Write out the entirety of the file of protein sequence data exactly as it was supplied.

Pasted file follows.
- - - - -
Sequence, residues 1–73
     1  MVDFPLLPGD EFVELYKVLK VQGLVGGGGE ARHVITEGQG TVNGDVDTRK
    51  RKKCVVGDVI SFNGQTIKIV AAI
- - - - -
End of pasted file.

Sequence, residues 1–73
     1  MVDFPLLPGD EFVELYKVLK VQGLVGGGGE ARHVITEGQG TVNGDVDTRK
    51  RKKCVVGDVI SFNGQTIKIV AAI